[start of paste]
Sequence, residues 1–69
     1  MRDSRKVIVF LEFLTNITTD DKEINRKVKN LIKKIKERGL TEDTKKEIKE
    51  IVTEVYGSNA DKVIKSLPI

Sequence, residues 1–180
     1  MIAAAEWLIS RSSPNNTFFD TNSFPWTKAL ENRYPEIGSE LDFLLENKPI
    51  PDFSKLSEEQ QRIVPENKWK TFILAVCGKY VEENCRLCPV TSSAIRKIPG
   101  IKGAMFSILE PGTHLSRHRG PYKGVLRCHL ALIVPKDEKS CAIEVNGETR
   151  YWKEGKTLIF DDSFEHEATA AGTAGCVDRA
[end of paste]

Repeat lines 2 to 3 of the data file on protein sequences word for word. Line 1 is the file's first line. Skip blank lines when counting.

     1  MRDSRKVIVF LEFLTNITTD DKEINRKVKN LIKKIKERGL TEDTKKEIKE
    51  IVTEVYGSNA DKVIKSLPI